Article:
R for Everyone: Advanced Analytics and Graphics (Anglais) Broché – 19 décembre 2013
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Statistical Computation for Programmers, Scientists, Quants, Excel Users, and Other Professionals
Using the open source R language, you can build powerful statistical models to answer many of your most challenging questions. R has traditionally been difficult for non-statisticians to learn, and most R books assume far too much knowledge to be of help. R for Everyone is the solution.
Drawing on his unsurpassed experience teaching new users, professional data scientist Jared P. Lander has written the perfect tutorial for anyone new to statistical programming and modeling. Organized to make learning easy and intuitive, this guide focuses on the 20 percent of R functionality you’ll need to accomplish 80 percent of modern data tasks.
Lander’s self-contained chapters start with the absolute basics, offering extensive hands-on practice and sample code. You’ll download and install R; navigate and use the R environment; master basic program control, data import, and manipulation; and walk through several essential tests. Then, building on this foundation, you’ll construct several complete models, both linear and nonlinear, and use some data mining techniques.
By the time you’re done, you won’t just know how to write R programs, you’ll be ready to tackle the statistical problems you care about most.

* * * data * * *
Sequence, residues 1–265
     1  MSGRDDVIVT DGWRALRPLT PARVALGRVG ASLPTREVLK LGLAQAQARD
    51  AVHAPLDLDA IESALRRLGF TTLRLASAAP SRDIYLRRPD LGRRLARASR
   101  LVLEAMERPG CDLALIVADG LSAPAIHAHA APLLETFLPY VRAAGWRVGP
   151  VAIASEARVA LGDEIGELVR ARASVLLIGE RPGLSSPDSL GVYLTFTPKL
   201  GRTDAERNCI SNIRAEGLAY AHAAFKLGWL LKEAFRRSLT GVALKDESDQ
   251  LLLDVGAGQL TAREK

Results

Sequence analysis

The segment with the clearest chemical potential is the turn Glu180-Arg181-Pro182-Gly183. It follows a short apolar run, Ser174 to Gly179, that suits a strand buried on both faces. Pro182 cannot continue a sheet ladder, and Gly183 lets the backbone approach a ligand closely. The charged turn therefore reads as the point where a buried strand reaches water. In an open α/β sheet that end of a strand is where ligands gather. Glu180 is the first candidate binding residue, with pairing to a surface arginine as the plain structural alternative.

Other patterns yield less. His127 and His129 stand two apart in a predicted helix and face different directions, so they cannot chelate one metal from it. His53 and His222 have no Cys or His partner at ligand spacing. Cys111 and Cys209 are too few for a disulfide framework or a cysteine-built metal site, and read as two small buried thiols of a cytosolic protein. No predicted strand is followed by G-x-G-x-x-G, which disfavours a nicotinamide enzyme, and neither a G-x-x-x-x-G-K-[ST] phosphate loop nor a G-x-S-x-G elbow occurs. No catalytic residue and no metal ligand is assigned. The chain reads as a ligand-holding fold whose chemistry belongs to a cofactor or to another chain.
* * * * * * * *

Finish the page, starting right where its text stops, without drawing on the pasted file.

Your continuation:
• Exploring R, RStudio, and R packages
• Using R for math: variable types, vectors, calling functions, and more
• Exploiting data structures, including data.frames, matrices, and lists
• Creating attractive, intuitive statistical graphics
• Writing user-defined functions
• Controlling program flow with if, ifelse, and complex checks
• Improving program efficiency with group manipulations
• Combining and reshaping multiple datasets
• Manipulating strings using R’s facilities and regular expressions
• Creating normal, binomial, and Poisson probability distributions
• Programming basic statistics: mean, standard deviation, and t-tests
• Building linear, generalized linear, and nonlinear models
• Assessing the quality of models and variable selection
• Preventing overfitting, using the Elastic Net and Bayesian methods
• Analyzing univariate and multivariate time series data
• Grouping data via K-means and hierarchical clustering
• Preparing reports, slideshows, and web pages with knitr
• Building reusable R packages with devtools and Rcpp
• Getting involved with the R global community
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Where "R for Everyone" differs from "R in Action" - and, coming to the positives, where it wins out - is in intermediate-R territory. One important example is coverage of "ggplot2". Whereas "R in Action" discusses the "old school" R graphics, "R for Everyone" goes with "ggplot2", becoming the second popular book (after Winston Chang's "R Graphics Cookbook") to discuss the package - and although its explanation of "ggplot2" syntax is sketchy, the samples found throughout the book do build into a useful "ggplot2" gallery that actually brought me over the fence. "plyr" package, an important data-manipulation aid, is another example, and another "R in Action" no-show. So is "data.table". So is "knitr", used to produce reports. So is "rcpp", used to interface R and C++. So is R package-building. (You will notice that the topics become more advanced. These are introductions rather than substantial explorations, but awareness is a valuable thing). In the book's second half, when discussion moves from R to statistics-with-R, the author continues to manage to find original material; statistical explanations may be brief - this is not a textbook - but examples, and pointers to useful R utilities, are much appreciated.